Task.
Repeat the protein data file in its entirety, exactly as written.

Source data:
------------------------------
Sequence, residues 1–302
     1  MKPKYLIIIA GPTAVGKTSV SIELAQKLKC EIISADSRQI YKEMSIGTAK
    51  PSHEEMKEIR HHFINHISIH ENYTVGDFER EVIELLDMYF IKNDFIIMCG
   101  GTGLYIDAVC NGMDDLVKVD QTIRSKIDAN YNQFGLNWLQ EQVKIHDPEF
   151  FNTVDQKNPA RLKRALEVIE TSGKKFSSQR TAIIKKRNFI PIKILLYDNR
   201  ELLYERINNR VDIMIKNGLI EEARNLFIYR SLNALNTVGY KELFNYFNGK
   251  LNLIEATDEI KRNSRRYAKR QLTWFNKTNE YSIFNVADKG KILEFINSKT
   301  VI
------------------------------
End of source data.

Sequence, residues 1–302
     1  MKPKYLIIIA GPTAVGKTSV SIELAQKLKC EIISADSRQI YKEMSIGTAK
    51  PSHEEMKEIR HHFINHISIH ENYTVGDFER EVIELLDMYF IKNDFIIMCG
   101  GTGLYIDAVC NGMDDLVKVD QTIRSKIDAN YNQFGLNWLQ EQVKIHDPEF
   151  FNTVDQKNPA RLKRALEVIE TSGKKFSSQR TAIIKKRNFI PIKILLYDNR
   201  ELLYERINNR VDIMIKNGLI EEARNLFIYR SLNALNTVGY KELFNYFNGK
   251  LNLIEATDEI KRNSRRYAKR QLTWFNKTNE YSIFNVADKG KILEFINSKT
   301  VI